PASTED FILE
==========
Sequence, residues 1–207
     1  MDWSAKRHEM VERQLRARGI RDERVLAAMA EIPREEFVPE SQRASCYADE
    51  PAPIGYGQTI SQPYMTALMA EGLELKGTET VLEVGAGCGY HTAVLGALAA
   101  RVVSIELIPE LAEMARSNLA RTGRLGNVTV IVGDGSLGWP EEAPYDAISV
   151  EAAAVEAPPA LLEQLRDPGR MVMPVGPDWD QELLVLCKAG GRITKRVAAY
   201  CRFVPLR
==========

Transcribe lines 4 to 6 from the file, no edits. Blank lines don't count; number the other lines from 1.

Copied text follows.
   101  RVVSIELIPE LAEMARSNLA RTGRLGNVTV IVGDGSLGWP EEAPYDAISV
   151  EAAAVEAPPA LLEQLRDPGR MVMPVGPDWD QELLVLCKAG GRITKRVAAY
   201  CRFVPLR